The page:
|Publication number||US6501185 B1|
|Application number||US 10/154,931|
|Publication date||Dec 31, 2002|
|Filing date||May 28, 2002|
|Priority date||Jun 12, 2001|
|Also published as||CN1261979C, CN1391261A, EP1267398A2, EP1267398A3, US6413851, US20020185733|
|Publication number||10154931, 154931, US 6501185 B1, US 6501185B1, US-B1-6501185, US6501185 B1, US6501185B1|
|Inventors||Yeung Ming Chow, Zaheed Sadrudin Karim|
|Original Assignee||Advanced Interconnect Technology Ltd.|
|Export Citation||BiBTeX, EndNote, RefMan|
|Patent Citations (5), Referenced by (109), Classifications (67), Legal Events (5)|
|External Links: USPTO, USPTO Assignment, Espacenet|
This application is a continuation of U.S. patent application Ser. No. 09/878,271, filed on Jun. 12, 2001, now U.S. Pat. No. 6,413,851.
The present invention relates to a wafer provided with solder bumps for use in flip-chip bonded integrated circuits where a metallic “cap” over the under bump metal is used as a barrier layer.
In the manufacture of integrated circuits it is known to attach a semiconductor chip to a substrate through a plurality of solder bump interconnections which are first formed on the integrated circuit and which is subsequently assembled face down on the substrate. As well as providing electrical contacts the solder bumps form mechanical and thermal connection between the chip and substrate. Solder compositions are usually based on tin alloys, and the most common is lead-tin.
The solder bumps are usually applied onto a series of intermediate metallic layers. More particularly, the semiconductor wafer includes metallic pads typically of aluminium over which are applied thin intermediate chromium and copper layers, and onto which is applied by electroplating a relatively thick layer of copper as an under bump metal (UBM) layer. The solder is applied onto this Cu UBM layer. Electroplated Cu UBM layers with thickness between 5 and 8 microns are commonly employed in the fabrication of lead-tin solder bumps for flip-chip applications. The Cu UBM provides a foundation for the solder to adhere to upon reflow and serves the function of a barrier layer between the solder and the bond pad of the IC to prevent in-diffusion of the solder into the semiconductor chip.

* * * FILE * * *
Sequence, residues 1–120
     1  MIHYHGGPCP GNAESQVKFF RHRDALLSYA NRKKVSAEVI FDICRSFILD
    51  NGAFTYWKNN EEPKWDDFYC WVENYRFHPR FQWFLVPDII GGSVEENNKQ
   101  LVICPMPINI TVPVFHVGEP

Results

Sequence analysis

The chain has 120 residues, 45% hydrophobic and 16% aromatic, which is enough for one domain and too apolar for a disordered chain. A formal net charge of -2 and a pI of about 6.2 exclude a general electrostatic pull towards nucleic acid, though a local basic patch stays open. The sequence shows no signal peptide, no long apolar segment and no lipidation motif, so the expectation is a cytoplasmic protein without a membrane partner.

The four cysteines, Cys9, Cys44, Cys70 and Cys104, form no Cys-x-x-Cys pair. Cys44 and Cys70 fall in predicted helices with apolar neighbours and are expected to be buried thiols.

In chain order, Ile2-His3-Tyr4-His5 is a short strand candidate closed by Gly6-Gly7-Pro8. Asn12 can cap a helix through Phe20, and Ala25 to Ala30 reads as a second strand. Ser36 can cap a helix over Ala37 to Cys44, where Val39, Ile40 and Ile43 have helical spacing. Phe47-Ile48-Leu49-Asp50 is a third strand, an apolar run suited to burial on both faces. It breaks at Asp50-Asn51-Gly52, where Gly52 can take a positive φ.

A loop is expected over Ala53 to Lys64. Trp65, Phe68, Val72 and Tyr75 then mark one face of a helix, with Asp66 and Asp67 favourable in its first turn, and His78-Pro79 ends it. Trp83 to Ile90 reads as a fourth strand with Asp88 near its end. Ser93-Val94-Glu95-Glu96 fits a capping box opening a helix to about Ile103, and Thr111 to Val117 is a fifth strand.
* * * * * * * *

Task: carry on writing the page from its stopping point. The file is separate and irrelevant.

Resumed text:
However, at the melting point temperature for the lead-tin solder there typically forms a tin-copper intermetallic compound which, although necessary for a reliable mechanical joint, is also brittle and prone to fracture particularly when the layer is too thick. It is therefore desirable to limit the thickness of the intermetallic layer, which can grow to become significant after multiple reflow cycles or if the bump is kept near the melting point of solder for an extended period of time. The rapid formation of the intermetallic layer is due mainly to the property of the dissolution rate of copper into tin which, in the case of eutectic lead-tin solder, constitutes 63% (by weight) of the alloy. This problem is not as important for the case of high-lead bumps with compositions of 3% or 5% tin, but becomes more severe with increased tin content. A variety of materials have been considered for use as barrier materials.